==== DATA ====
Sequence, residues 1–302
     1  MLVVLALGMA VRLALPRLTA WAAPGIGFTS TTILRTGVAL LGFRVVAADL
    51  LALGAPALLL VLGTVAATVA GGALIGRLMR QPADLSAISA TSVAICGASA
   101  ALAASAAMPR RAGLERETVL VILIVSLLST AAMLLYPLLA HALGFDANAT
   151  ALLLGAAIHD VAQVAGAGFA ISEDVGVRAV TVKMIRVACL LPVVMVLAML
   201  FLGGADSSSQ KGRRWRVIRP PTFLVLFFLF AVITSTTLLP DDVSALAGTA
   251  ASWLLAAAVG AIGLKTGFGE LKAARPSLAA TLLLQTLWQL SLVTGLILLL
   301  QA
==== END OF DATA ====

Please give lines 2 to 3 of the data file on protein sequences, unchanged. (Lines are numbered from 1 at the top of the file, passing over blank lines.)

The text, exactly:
     1  MLVVLALGMA VRLALPRLTA WAAPGIGFTS TTILRTGVAL LGFRVVAADL
    51  LALGAPALLL VLGTVAATVA GGALIGRLMR QPADLSAISA TSVAICGASA